The race for the White House is tightening up, with President Barack Obama and Republican Mitt Romney in a dead heat on the question of who could best fix the economy, a poll shows.
The incumbent and his all-but-certain challenger are tied at 47% apiece on handling the economy, according to the survey by ABC News and The Washington Post, although if the election were held today Obama would have a 49%-46% overall advantage.
The economy was by far the top concern among voters, with more than half of Americans saying it will be the deciding issue for them in November, pushing other concerns like health care and taxes down to single digits.
And while eight in 10 respondents rated the economy as negative, some 54% of Americans were more optimistic than anxious about it in the coming years.
Voters were split on issues such as job creation, with Obama nipping his rival 46%-45%, but the president has some deep advantages, too.
He fares better in terms of having the right character to be president (52%-39%) and the number of very enthusiastic Obama supporters is roughly double those for Romney, a multimillionaire former businessman and investor.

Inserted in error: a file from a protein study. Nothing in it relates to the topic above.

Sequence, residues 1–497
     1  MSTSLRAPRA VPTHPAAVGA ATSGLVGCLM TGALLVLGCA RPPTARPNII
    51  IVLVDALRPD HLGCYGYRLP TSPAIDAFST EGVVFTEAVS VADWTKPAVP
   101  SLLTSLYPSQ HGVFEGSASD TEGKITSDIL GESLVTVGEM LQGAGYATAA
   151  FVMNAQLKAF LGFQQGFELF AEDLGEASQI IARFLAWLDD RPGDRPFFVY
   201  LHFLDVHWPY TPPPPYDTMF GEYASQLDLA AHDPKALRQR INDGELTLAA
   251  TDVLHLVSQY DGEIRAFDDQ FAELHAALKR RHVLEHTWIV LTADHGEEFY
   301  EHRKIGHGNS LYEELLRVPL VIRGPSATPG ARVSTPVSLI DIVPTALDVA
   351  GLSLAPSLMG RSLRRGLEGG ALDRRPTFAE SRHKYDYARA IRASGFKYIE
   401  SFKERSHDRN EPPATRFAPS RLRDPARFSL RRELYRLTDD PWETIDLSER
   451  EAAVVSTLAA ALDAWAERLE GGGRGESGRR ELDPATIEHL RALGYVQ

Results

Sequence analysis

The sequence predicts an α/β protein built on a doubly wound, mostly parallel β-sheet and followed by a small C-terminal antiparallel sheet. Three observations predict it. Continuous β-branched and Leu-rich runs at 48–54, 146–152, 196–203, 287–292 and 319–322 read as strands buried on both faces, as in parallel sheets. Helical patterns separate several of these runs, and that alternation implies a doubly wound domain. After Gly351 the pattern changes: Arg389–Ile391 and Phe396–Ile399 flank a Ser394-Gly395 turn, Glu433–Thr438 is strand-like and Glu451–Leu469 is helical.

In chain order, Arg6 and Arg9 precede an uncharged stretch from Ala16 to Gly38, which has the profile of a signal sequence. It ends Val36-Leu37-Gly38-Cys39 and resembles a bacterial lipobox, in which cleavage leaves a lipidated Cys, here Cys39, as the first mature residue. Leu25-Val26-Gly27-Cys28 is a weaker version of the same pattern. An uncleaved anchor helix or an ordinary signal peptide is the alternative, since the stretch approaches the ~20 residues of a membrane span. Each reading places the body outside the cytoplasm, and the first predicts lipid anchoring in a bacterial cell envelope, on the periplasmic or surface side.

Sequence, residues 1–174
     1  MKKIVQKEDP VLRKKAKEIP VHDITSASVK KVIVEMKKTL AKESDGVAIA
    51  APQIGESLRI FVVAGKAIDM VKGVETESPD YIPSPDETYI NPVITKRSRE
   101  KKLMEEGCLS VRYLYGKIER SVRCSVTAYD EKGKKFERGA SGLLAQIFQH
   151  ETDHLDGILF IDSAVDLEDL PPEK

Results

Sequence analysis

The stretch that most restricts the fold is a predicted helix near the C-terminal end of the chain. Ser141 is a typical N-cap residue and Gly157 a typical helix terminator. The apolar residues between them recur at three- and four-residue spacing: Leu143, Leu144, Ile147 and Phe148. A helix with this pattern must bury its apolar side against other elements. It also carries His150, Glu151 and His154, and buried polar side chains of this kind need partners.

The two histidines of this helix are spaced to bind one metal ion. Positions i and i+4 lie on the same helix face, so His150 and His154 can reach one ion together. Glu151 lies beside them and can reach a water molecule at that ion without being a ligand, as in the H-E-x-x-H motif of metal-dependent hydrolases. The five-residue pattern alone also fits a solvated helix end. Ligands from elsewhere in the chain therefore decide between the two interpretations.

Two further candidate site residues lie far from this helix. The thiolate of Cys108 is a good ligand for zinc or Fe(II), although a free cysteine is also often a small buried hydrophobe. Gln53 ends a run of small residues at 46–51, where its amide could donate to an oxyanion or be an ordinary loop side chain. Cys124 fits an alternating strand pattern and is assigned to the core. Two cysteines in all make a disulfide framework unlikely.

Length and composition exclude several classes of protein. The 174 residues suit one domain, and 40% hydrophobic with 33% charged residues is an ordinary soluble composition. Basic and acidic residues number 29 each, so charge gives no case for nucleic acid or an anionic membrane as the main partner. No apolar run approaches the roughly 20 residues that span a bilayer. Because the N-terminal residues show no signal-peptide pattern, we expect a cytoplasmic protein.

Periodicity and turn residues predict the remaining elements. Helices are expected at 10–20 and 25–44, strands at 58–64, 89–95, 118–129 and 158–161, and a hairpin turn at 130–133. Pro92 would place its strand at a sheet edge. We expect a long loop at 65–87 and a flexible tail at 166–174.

But Obama faces some troubling trends, notably his shrinking advantage among women.
He had enjoyed a 19-point lead among female voters last month at a time when a perceived “war on women” had dominated the political headlines but that advantage has shrunk to 51%-44%, about the average among women over the past year.
The poll also showed some similarities between Obama and an earlier president. In the critical measure of where voters stand financially now compared to when Obama took office in early 2009, 30% said they are worse off, while just 16% said they’re better off.
The figures are similar to those of president George HW Bush when he sought re-election and was defeated in 1992 amid economic doldrums.
Some 47% of respondents approved of Obama’s job performance while 49% disapprove, about the same as George W Bush (47%-50%) at the same time in 2004 when he was seeking and won re-election.
The poll reflects a narrowing in the race as it has become more clear that Romney will be the Republican Party’s nominee.
Nearly six months from the election, Romney has turned his full attention to a match-up against Obama, and all signs point to a fierce and predominantly negative campaign season ahead.
As Democrats intensify their attacks over Romney’s tenure at Bain Capital, the public is divided over whether his history as a venture capitalist hurts or helps the presumptive Republican nominee.
The survey found 54% felt Romney’s role in buying and restructuring companies is “not a major factor” in their vote this year. Among those who do say it is a factor, voters are split: 21% say it is a “major reason to support” Romney, while 21% say it is a “major reason to oppose” him.
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